ROME – Drinking fountains can be found in cities across the world, but more than 2,000 examples in Rome boast a distinguishing feature that makes them characteristic of the Italian capital: water streams from them incessantly, offering tourists and locals alike a chance to quench their thirst at all times.
Modern-day Romans affectionately know them as nasoni, which literally translates as “large noses,” because of their design, which is usually a cylindrical pillar no more than a meter (3.2 feet) high topped with a large conduit resembling an arched nose.
Their origin can be traced back to the years after the unification of Italy between 1872 and 1874, when the erstwhile mayor of Rome, Luigi Pianciani, decided to install a vast network of public fountains offering potable water to anyone who needs it, Paolo Carsetti, secretary of the Italian Forum of Water Movements, told EFE.
A unique feature of nasoni is their lack of faucets, meaning the water pours out 24 hours a day all year round.
“It’s clear that everyone sees this as a negative thing because we’re wasting water,” Carsetti added, insisting that it would not be costly to simply install functioning taps to the fountains so that the water flow could be turned on and off.
No-one is quite sure why the never-ending flow was incorporated into the design of the nasoni but there are a few suggestions.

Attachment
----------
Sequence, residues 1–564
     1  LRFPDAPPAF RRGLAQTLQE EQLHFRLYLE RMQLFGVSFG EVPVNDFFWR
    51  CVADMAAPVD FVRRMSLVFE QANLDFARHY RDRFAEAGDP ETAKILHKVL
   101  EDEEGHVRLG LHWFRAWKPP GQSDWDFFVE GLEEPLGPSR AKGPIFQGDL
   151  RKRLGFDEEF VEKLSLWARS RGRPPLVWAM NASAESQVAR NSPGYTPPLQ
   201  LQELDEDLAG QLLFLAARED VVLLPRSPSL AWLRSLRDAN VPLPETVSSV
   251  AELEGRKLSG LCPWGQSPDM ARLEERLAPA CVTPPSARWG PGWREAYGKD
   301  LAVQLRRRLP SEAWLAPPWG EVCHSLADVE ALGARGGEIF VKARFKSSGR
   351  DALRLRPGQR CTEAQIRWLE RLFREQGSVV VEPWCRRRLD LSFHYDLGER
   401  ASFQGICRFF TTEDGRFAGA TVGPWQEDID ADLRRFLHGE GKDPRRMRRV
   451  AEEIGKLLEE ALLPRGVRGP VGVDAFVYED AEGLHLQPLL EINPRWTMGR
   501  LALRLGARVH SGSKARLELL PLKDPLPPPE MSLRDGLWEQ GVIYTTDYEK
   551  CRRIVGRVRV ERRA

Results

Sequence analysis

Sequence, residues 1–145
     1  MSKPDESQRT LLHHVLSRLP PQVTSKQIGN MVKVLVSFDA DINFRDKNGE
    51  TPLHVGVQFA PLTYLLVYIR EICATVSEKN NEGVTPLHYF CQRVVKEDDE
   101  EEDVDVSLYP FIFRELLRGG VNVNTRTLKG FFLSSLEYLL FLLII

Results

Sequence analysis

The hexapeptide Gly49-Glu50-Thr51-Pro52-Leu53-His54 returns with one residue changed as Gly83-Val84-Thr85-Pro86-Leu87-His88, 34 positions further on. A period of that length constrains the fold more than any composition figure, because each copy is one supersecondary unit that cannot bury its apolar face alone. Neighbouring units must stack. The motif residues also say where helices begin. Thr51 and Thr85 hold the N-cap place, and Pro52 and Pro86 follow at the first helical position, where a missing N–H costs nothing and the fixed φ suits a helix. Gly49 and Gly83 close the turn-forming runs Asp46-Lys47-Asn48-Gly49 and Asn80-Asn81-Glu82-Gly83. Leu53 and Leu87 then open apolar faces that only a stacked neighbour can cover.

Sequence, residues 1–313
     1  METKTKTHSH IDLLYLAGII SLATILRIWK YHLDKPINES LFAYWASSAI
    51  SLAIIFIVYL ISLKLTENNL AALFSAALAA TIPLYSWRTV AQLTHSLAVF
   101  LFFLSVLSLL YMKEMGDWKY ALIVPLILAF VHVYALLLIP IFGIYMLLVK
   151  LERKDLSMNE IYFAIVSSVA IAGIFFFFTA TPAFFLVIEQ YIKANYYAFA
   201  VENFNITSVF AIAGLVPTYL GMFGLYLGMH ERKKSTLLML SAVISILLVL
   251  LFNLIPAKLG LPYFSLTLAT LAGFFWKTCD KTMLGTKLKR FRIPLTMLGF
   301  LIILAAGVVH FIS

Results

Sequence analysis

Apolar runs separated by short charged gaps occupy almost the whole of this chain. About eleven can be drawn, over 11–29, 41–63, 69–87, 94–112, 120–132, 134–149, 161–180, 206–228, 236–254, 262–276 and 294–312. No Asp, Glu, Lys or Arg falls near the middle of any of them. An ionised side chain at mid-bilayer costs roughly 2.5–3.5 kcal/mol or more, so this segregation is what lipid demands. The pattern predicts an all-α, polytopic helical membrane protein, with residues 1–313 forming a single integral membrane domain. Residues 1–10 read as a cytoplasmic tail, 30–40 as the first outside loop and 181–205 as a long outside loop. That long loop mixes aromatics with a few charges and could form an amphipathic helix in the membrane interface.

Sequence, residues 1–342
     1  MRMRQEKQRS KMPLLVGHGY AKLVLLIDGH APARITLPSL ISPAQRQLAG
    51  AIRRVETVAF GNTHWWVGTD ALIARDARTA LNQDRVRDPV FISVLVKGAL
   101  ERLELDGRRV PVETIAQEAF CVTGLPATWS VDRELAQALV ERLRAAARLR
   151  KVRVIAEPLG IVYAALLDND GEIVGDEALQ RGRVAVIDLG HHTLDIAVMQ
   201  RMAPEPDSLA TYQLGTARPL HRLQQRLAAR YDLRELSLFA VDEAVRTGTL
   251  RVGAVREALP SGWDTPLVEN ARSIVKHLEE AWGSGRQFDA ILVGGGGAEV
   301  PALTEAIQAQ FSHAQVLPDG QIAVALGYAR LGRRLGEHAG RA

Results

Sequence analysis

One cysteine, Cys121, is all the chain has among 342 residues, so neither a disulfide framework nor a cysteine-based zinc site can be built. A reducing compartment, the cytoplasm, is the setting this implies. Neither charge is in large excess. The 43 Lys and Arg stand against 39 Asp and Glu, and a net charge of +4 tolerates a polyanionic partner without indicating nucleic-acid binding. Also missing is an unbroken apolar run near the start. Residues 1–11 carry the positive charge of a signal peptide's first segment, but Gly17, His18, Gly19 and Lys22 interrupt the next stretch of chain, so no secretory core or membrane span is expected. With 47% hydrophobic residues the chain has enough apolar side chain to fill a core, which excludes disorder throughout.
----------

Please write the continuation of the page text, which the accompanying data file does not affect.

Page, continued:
The first is that the constant flow of water alleviates the pressure on Rome’s aqueduct, which supplies the nasoni.
Another theory revolves around hygiene, in so far as running water was purer and the motion would not allow residue build-up.
Carsetti believes it was simply a question of maintaining public order. He said the few taps that were once installed on the fountains were simply vandalized.
Although the sight of constantly running water could offend those dedicated to protecting the environment, Carsetti said the amount wasted was actually relatively low.
“The volume of water that is wasted is less in comparison to the volume that arrives in Rome. It’s less than 1 percent,” he said.
The city authority’s decision to shut off almost all the nasoni during a period of drought in Italy was met with controversy for this reason.
The Italian Forum of Water Movements protested against the decision, saying it did little to combat the dry spell and simply jeopardized those in need of water for drinking and washing, such as the city’s homeless.
Back in action, the nasoni have retaken their post as a historic and symbolic feature of the Italian capital, where it is common to see locals use to the fountains to fill up water bottles for consumption later at home.